Seeing Stars: What is the difference between PRK and Epi-LASIK?
Both PRK (photorefractive keratectomy) and Epi-LASIK are surface ablation refractive surgery procedures. PRK was the original excimer laser refractive surgery, developed in the early 1990s. Epi-LASIK is a new variant, which has gained popularity within the last 5 years. Both procedures involve removal of the surface layer of the cornea (the epithelium) which creates a corneal “abrasion.” The excimer laser treatment is then applied to the underlying cornea to reshape the eye to treat nearsightedness, farsightedness, and/or astigmatism.
In the PRK procedure the epithelium is removed with a blade to expose the underlying cornea. Some surgeons place dilute alcohol on the corneal surface to loosen the epithelium, making it easier to remove. The resulting corneal “abrasion” is often somewhat large and irregular and takes 3-5 days to heal.
In the Epi-LASIK procedure the epithelium is removed with an Epi-Tome. This is a device which applies pressure on the eye with a suction ring and uses an oscillating blade to remove the epithelium. The original Epi-LASIK procedure separated the epithelial layer, moved it to the side, and replaced it after the laser treatment was performed in hopes of reducing pain and speeding visual recovery. However, most surgeons now feel that not replacing the epithelium provides better results.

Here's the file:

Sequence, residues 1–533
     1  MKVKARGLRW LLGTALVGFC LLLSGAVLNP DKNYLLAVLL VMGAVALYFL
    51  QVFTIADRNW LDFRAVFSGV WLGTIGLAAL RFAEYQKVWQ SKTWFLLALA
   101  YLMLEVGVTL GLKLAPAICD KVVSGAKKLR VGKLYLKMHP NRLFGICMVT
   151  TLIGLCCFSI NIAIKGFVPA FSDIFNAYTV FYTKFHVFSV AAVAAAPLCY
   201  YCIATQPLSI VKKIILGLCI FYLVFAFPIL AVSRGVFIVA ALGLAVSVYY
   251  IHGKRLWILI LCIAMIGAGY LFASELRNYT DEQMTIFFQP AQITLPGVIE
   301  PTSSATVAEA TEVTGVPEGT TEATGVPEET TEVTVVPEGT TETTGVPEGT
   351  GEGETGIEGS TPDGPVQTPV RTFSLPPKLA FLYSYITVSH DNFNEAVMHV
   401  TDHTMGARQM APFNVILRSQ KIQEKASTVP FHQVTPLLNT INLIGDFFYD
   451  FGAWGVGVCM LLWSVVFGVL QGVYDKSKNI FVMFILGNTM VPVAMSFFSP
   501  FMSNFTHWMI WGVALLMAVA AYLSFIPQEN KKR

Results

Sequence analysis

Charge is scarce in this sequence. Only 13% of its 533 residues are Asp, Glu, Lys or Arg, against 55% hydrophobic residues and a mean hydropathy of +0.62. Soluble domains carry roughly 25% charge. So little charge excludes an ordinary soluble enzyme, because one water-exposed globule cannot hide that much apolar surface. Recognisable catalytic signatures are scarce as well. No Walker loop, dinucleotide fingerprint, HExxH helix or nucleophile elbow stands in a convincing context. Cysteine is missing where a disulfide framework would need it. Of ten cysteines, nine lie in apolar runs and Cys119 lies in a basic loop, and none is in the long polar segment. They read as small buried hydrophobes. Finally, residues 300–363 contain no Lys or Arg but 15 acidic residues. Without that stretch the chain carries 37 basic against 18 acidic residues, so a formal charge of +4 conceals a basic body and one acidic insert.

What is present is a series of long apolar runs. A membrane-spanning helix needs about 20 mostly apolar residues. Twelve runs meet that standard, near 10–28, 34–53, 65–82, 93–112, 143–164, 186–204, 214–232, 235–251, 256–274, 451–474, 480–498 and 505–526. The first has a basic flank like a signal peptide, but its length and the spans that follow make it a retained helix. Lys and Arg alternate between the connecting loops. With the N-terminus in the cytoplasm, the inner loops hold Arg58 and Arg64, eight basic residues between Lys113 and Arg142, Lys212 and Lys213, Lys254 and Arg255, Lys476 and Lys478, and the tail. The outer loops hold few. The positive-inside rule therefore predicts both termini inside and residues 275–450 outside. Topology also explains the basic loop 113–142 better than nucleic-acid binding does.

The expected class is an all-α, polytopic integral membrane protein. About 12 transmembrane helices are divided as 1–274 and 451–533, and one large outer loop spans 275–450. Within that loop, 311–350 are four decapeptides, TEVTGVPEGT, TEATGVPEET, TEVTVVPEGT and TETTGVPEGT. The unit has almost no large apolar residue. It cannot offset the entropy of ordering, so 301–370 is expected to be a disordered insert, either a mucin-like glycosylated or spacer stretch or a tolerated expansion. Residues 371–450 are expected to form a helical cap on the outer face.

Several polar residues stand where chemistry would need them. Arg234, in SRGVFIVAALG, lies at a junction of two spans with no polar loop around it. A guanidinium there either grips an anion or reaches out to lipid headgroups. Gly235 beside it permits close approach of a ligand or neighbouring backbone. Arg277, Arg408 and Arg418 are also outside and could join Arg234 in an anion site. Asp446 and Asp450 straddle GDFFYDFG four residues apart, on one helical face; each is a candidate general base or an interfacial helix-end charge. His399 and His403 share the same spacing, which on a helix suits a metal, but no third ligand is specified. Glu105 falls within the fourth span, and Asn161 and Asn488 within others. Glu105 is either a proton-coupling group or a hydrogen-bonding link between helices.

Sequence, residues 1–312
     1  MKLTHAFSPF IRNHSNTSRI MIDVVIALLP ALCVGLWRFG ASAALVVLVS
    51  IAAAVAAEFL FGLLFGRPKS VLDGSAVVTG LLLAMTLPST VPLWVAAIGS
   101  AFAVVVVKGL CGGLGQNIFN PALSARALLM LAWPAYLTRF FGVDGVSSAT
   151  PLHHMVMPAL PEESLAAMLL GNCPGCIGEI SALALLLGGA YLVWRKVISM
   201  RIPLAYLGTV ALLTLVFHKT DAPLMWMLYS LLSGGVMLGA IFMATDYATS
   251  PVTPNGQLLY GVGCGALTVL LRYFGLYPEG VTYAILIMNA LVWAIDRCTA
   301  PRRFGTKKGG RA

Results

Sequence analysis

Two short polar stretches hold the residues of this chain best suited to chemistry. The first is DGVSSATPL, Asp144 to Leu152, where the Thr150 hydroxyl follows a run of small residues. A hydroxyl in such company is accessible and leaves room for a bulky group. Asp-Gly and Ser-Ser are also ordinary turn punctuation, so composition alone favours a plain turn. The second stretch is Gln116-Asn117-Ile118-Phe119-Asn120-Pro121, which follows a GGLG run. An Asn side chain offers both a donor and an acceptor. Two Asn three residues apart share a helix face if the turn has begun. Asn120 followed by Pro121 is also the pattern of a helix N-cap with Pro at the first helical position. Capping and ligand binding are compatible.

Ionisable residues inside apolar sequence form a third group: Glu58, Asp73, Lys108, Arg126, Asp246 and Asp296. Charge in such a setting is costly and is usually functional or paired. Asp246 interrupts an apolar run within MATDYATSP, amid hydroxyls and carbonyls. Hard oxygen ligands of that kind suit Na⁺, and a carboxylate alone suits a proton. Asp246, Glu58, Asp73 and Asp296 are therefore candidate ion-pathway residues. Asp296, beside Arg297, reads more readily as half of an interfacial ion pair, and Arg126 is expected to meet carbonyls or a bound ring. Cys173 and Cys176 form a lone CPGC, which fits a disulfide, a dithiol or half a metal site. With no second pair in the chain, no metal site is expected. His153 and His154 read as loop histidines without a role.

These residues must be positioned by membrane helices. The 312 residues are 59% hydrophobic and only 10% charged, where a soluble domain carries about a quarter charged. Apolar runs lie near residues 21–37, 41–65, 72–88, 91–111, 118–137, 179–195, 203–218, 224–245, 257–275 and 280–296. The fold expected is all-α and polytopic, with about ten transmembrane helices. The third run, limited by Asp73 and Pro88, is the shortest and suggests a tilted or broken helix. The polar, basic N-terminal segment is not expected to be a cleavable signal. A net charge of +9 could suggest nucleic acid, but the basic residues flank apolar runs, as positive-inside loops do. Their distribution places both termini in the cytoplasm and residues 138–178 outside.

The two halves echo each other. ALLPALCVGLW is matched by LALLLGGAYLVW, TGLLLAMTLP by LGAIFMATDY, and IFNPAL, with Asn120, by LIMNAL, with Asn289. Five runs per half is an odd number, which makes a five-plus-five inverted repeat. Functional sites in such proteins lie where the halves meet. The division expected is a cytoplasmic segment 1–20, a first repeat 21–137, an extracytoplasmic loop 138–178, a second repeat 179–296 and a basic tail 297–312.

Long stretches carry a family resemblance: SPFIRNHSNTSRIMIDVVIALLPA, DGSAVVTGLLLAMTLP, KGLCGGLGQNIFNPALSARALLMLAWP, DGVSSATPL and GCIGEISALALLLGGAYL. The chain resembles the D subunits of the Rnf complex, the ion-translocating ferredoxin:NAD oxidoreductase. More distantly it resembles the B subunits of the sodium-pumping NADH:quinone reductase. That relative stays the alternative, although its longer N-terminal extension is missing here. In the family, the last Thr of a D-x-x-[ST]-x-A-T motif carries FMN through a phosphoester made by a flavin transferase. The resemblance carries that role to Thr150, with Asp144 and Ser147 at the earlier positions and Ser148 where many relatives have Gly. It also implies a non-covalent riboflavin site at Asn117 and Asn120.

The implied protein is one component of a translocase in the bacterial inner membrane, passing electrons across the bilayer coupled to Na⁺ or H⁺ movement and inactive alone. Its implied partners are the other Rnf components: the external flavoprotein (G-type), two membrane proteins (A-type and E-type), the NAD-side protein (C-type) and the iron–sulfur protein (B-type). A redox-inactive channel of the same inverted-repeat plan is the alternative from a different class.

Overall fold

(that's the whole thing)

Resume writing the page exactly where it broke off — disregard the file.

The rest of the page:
Advantages and disadvantages
Advantages of PRK include no need for specialized equipment and no suction applied to the eye. Disadvantages include slightly longer healing time. Advantages of Epi-LASIK include slightly shorter healing time, with potentially less pain, faster recovery of vision, and less haze. Disadvantages include the need for specialized equipment, increased cost for the blade, raising the eye pressure with the suction ring, and the theoretical risk of making a cut that extends into the body of the cornea.
Both PRK and Epi-LASIK are excellent procedures, in terms of safety and efficacy. However, some patients may be better candidates for one rather than the other. You should discuss your specific examination results and your expectations with your surgeon before deciding which procedure is best for you.
Want More Information?